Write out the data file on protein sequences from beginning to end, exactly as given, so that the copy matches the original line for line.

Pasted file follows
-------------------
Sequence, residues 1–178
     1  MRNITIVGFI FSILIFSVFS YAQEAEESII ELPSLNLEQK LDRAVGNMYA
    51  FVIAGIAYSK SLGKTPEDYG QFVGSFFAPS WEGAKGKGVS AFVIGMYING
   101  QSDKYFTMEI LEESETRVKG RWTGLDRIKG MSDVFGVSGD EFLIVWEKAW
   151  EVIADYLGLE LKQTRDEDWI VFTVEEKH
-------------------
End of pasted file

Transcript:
Sequence, residues 1–178
     1  MRNITIVGFI FSILIFSVFS YAQEAEESII ELPSLNLEQK LDRAVGNMYA
    51  FVIAGIAYSK SLGKTPEDYG QFVGSFFAPS WEGAKGKGVS AFVIGMYING
   101  QSDKYFTMEI LEESETRVKG RWTGLDRIKG MSDVFGVSGD EFLIVWEKAW
   151  EVIADYLGLE LKQTRDEDWI VFTVEEKH